SHU Volunteers Return from Gulf Coast Rebuilding Mission
FAIRFIELD – The plane ride north to New York on Sunday, Jan. 20, that brought home a Sacred Heart University delegation from the hurricane-ravaged Mississippi Gulf Coast, was a quiet one for the two dozen students and faculty who had made the trip.
They were exhausted by their week-long home-building efforts in Biloxi and they were lost in their own personal reflections on the life-changing mission.
For some – like freshman Amanda Francini, of Berlin, Conn. – it was the first time witnessing first-hand the devastation caused by Hurricane Katrina in August 2005. “We drove by the coastline and it was incredible seeing foundations but no homes, miles of nothingness and dead trees,” Francini said.
Wealthier areas of some communities have already been rebuilt but many middle-and lower-income families are still struggling to reclaim some semblance of a normal life. The students were grateful for the chance to contribute to the families’ rebuilding efforts.
“I feel like I actually made a difference building a house for someone whose house was destroyed,” said Francini, who said the trip helped her think about how to spend her time here on earth.
Francini said a project leader at the Habitat for Humanity site, where the SHU team helped build a duplex, asked volunteers, ‘What does your ‘dash’ mean; the dash on your tombstone from the year you were born to the year you die. What are you going to do in life to make a difference?’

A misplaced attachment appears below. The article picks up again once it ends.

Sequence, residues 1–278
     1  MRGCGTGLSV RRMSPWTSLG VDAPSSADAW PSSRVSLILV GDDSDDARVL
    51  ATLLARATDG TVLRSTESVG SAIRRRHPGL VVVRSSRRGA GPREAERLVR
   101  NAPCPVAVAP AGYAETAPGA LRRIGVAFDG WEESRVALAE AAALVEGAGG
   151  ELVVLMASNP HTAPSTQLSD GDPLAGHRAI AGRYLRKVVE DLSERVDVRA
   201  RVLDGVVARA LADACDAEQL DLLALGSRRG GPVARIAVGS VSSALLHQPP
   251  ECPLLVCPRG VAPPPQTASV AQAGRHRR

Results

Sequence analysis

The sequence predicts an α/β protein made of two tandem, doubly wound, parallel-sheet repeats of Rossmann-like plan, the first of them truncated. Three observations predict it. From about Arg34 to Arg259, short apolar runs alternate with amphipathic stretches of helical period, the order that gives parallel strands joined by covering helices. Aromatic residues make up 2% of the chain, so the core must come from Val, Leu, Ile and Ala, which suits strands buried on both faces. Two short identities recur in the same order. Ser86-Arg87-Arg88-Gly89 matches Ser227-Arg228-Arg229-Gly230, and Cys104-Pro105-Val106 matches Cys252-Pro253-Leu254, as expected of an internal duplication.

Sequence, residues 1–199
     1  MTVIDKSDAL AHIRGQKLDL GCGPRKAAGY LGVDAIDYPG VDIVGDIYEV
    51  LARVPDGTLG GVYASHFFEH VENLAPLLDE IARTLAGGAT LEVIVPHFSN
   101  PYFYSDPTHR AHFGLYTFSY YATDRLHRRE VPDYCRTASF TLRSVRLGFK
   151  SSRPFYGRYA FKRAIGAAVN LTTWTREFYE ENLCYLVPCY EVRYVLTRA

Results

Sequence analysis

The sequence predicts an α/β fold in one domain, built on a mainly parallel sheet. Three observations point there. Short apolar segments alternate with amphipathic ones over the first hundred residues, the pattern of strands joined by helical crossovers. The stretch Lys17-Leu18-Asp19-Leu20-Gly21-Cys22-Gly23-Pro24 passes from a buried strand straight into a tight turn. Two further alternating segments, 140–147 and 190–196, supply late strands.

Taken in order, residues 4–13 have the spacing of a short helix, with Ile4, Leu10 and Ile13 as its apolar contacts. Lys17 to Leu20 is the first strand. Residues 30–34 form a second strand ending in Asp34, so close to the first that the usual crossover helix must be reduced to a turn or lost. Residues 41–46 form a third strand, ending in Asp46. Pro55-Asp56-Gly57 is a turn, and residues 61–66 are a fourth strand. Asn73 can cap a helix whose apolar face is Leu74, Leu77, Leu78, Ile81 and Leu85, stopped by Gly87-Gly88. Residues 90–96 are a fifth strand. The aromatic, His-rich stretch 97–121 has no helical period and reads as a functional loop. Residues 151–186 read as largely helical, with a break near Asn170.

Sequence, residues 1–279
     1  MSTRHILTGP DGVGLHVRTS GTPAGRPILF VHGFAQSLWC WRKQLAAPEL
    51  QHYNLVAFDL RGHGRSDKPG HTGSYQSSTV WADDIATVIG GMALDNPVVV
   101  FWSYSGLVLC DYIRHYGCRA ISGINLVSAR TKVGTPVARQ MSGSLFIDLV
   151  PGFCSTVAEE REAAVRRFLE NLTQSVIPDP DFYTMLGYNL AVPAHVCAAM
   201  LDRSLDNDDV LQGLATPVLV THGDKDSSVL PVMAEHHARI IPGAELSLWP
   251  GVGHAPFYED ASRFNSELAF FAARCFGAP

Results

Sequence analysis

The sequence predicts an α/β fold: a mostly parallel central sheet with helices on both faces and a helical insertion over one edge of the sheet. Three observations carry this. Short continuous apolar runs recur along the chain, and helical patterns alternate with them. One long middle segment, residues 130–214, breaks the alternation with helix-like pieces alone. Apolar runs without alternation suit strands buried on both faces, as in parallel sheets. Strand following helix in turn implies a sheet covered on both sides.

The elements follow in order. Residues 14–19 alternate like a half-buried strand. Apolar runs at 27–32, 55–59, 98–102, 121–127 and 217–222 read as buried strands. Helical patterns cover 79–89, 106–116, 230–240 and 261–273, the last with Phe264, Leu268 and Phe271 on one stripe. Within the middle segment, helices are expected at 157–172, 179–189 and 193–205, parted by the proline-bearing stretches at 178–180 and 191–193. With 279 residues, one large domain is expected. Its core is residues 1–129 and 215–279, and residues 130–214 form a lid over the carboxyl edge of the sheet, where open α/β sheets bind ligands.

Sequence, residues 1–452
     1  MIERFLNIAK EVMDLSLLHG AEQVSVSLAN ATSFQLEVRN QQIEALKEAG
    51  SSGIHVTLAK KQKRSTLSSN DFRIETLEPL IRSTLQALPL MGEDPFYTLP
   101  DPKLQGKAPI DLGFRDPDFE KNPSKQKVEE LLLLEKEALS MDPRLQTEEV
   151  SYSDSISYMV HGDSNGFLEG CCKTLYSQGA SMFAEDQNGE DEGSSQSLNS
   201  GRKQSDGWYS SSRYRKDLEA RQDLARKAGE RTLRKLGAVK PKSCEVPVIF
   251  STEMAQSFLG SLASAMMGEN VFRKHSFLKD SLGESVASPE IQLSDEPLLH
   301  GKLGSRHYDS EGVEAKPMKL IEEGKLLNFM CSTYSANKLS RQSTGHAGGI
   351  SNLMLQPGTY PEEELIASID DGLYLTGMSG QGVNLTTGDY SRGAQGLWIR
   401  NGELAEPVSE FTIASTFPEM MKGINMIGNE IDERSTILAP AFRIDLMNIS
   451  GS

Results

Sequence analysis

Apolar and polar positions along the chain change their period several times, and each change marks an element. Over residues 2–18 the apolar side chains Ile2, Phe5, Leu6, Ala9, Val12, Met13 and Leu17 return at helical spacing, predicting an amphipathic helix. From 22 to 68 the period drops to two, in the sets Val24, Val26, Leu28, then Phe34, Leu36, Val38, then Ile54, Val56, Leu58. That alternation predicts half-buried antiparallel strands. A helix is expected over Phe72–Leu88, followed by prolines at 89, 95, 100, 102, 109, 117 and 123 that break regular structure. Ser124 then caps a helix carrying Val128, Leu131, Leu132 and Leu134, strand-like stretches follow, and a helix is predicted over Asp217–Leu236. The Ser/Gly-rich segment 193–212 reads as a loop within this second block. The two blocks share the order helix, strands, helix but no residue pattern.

“Our trip really helped to fill our dash. You get the sense that you can make a difference in people’s lives. We’re really fortunate to have what we have. These people lost everything,” Francini said.
Michael Pezza, a junior exercise science major from Brooklyn, New York, on his first trip to Mississippi, said the work they did was fulfilling. “You get so much out of it. You’re helping the people and you’re helping yourself too. You realize how fortunate you really are,” he said.
The contingent also spent time working in the classrooms of a rebuilt school that was left under nine feet of water after Katrina hit and visiting families they had helped on the three previous SHU-sponsored trips to the region.
“We got to know the families and felt we had a helping hand in their recovery. We’ve made some lasting connections down here,” said Mike Giarratano, assistant professor of education and co-leader of the trip.
Dr. Shirley Pavone, assistant professor of psychology, making her second SHU trip to Mississippi, said everyone benefited greatly from the experience, especially the University’s students.
“It plants a seed of service for the rest of their lives. We want to carry this experience back home with us to work in our own communities, to do something for someone without expecting something in return. They recognize that they have a responsibility to the community,” Pavone said.
“The students are really living the mission of Sacred Heart. Our kids are great,” Giarratano said.